In the street next to the single-room shack in which Nelson Mandela lived when he first came to this city, a group of mourners dressed in funeral black and white were forming a line.
Margaret Msipi and the others were there to say good-bye to a friend, Khali Mufiwa, who had died on Thursday. As they waited for a post-cemetery lunch of rice and chicken, served in polystyrene boxes, they also reflected on the loss of Mr Mandela, who had passed away the same day, and mourned how little some things had changed since the neighbourhood’s most famous son was a resident.
When Mandela moved to the north-eastern Johannesburg township of Alexandra in 1940 and rented a room at 46 Seventh Ave, he made do without electricity or running water and later recalled hungry children running around.
Yet seventy years on, for many in Alexandra, and in countless similar places across the country, the situation in some respects is today little different. And as millions of South Africans on Saturday continued to celebrate Mandela’s achievements – from people lining up to sign books of condolence in upmarket Sandton or the crowds dancing outside Mandela’s second, later home in Soweto – it was in the still marginalised neighbourhoods that people insisted the revolution started by the first black president had yet to be completed.
“He gave us free schools and clinics but we have no houses – we are all still living in shacks,” said the 69-year Mrs Msipi, whose husband died 15 years ago. “And there are no jobs – the young people cannot get jobs. I have four children, six grand-children and two great grandchildren. They are all living on my pension.”
Among the most distressing parts of Alexandra is the S’swetla “squatter camp”, located next to a cemetery where Mrs Msipi and the other mourners had buried their friend. Here, up to 5,000 people live in shacks separated by narrow, uncovered alleys, where pigs forage in the rubbish and homes still have no electricity. Water comes from a handful of pumps and a line of portable lavatories are what passes for sanitation.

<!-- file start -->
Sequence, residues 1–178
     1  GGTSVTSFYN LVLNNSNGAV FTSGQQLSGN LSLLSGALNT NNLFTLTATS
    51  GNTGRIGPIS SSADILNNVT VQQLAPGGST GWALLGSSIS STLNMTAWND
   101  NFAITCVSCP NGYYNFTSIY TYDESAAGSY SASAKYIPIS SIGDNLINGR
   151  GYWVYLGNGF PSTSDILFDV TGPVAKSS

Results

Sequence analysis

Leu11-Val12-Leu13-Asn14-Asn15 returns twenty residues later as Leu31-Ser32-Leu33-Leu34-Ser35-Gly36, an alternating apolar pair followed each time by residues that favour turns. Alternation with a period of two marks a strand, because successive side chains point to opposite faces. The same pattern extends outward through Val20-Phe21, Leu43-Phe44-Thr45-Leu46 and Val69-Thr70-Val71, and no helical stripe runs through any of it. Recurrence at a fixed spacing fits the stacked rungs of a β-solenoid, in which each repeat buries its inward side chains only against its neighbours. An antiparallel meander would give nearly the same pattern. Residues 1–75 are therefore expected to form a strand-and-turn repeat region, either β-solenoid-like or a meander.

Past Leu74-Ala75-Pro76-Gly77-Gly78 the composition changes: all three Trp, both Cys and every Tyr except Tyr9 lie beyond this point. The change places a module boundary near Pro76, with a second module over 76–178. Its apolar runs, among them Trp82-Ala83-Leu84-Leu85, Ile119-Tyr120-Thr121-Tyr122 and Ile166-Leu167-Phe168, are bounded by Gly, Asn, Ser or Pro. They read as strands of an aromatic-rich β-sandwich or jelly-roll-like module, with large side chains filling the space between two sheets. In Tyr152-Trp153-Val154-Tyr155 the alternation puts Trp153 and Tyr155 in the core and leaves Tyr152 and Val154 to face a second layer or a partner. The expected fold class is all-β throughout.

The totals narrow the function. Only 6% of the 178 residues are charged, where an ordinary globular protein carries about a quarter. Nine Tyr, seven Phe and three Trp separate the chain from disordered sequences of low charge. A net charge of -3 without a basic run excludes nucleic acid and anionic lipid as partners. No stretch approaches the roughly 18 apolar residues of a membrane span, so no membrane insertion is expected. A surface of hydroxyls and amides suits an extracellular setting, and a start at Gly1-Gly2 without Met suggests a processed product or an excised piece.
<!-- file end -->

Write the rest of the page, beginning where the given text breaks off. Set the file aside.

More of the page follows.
Michael Ngobeni, a community activist, led a tour past the homes that ended on the edge of a polluted stretch of the Jukskei River. Every year, he said, people drowned when the waters flooded. As he walked back up the hill, men clutching large bottles of beer looked up from simple bars.
“Mandela’s death is a great loss to the nation but over the last 20 years nothing has happened to us,” said Mr Ngobeni. “When you talk about freedom you cannot say we have tasted freedom. We don’t have electricity, proper water. It’s very bad.”
Figures released last year following a census showed that while the incomes of black households had increased by an average of 169 per cent over the past ten years, they still represented a sixth of those of white households.
“Great strides have been made,” President Jacob Zuma said at the time, according to Bloomberg News. “However, much remains to be done to further improve the livelihoods of our people especially in terms of significant disparities that still exist between the rich and poor.”
He added: “These figures tell us that at the bottom of the rung is the black majority who continue to be confronted by deep poverty, unemployment and inequality.”
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